Senator Steve Saland (R,I,C Poughkeepsie) today announced passage of a bill designed to help protect domestic violence victims who request emergency assistance.
Current law provides that a person who refuses to relinquish a party telephone line after being told it is needed for an emergency call can be charged with a Class B misdemeanor. The law does not, however, address a situation where someone prevents a person attempting to make an emergency call by removing or damaging a telephone or other similar communications device. A review of statewide domestic violence cases reported that, in approximately 12,000 to 15,000 cases each year, the perpetrator ripped the telephone from the wall to prevent the victim from calling for help. The same problem can occur in cases where the victim is elderly or disabled.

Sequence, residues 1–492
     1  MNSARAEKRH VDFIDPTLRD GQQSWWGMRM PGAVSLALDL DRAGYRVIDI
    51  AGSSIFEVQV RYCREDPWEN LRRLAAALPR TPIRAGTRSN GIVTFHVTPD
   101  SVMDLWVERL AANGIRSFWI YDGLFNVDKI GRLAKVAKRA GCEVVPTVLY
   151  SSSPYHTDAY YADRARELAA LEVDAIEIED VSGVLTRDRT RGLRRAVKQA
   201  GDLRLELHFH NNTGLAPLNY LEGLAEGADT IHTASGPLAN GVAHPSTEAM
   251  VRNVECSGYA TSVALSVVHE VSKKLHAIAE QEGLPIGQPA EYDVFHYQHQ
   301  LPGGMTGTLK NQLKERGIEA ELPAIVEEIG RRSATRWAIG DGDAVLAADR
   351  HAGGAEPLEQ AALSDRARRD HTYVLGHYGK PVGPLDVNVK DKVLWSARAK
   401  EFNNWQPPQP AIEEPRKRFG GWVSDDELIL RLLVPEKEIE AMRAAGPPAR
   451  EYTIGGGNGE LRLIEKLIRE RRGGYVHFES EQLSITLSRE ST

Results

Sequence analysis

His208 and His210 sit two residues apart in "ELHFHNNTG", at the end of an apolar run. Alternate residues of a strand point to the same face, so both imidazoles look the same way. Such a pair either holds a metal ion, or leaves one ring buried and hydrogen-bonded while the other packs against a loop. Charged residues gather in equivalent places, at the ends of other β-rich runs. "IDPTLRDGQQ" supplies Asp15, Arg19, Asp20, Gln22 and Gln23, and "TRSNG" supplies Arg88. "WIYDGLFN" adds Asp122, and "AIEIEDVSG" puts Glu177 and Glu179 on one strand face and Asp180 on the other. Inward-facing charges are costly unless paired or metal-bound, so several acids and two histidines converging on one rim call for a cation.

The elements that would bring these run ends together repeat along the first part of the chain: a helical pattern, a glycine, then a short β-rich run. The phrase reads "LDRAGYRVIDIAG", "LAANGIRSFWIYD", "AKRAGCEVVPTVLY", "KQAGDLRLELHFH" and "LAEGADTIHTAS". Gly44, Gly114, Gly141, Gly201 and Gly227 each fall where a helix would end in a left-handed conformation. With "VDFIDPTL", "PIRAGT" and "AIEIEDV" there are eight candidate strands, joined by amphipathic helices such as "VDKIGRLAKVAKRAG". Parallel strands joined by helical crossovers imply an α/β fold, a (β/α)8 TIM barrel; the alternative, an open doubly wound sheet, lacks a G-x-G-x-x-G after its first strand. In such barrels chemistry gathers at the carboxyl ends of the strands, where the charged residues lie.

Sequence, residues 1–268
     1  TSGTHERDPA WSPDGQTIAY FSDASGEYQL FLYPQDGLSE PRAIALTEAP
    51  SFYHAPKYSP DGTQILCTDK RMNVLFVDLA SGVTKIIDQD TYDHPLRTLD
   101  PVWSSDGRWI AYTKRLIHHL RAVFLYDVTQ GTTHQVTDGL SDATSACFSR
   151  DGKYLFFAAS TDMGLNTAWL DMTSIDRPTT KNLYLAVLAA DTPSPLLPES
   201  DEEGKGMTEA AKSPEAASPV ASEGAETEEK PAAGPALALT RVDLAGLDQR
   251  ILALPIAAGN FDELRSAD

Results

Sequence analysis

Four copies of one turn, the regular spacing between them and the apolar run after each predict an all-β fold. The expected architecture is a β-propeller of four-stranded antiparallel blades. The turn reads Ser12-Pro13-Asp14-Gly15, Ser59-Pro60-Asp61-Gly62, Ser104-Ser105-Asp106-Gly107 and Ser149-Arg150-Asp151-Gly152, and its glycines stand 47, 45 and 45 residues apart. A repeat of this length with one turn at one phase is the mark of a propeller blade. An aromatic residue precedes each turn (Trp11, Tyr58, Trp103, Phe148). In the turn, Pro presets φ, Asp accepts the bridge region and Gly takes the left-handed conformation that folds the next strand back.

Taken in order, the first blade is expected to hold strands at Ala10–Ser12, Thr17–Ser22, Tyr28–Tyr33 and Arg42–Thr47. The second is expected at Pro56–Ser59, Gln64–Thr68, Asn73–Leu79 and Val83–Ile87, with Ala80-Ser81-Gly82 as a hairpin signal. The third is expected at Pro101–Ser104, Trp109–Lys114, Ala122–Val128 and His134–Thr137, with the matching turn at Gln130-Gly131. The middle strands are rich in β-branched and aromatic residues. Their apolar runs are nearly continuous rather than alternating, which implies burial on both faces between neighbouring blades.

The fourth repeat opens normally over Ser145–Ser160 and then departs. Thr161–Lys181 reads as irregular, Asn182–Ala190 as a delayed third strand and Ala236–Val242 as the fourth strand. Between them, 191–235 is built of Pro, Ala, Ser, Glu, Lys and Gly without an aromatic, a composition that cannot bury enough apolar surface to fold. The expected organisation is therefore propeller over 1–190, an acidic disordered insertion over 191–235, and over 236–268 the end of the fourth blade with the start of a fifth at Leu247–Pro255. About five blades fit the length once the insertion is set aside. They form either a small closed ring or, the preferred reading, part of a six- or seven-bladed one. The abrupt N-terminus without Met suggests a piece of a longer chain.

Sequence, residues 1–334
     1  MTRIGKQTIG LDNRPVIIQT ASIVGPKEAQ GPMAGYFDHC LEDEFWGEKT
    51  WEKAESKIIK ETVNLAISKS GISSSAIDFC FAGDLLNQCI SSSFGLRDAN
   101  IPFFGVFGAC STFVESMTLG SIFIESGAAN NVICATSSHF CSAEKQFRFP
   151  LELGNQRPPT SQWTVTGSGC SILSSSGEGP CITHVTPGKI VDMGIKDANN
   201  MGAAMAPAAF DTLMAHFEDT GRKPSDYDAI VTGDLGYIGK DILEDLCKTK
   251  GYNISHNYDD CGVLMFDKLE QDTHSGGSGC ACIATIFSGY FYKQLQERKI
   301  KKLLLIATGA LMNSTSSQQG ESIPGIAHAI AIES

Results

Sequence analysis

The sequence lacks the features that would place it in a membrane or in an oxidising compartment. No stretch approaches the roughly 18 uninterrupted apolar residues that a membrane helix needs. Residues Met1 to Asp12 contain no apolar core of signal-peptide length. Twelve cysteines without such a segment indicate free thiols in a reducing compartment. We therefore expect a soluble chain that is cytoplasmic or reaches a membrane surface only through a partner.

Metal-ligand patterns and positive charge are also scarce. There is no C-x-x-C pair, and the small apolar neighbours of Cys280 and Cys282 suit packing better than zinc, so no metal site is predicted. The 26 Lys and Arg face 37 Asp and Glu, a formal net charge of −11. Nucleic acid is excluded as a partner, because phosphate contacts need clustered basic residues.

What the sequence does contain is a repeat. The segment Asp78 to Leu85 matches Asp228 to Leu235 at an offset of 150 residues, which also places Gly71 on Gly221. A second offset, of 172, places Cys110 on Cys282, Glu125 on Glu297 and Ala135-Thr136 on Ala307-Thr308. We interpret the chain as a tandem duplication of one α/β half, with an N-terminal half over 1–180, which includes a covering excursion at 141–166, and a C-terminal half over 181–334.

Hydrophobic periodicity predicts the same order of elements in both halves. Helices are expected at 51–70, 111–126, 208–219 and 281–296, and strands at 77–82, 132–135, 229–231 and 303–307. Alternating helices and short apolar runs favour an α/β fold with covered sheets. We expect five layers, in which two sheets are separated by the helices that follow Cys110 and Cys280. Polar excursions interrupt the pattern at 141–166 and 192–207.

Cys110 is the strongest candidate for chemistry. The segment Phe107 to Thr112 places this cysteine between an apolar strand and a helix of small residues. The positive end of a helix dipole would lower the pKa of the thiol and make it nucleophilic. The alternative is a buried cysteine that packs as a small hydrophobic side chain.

"As the author of the Family Protection and Domestic Violence Intervention Act, which dramatically changed the way domestic violence cases are handled in New York, I am acutely aware of the hazards domestic violence victims face daily," said Senator Saland. "This bill puts more teeth into the law and underscores that victims have a right to call for help but perpetrators do not have the right to prevent them from doing so. Thanks to this law, that perpetrator will now be at greater risk."
Senate Bill 2452 adds such conduct to the Penal Law as criminal mischief in the fourth degree, a Class A misdemeanor. The bill has passed the Senate and the Assembly and will now be sent to the Governor for his consideration.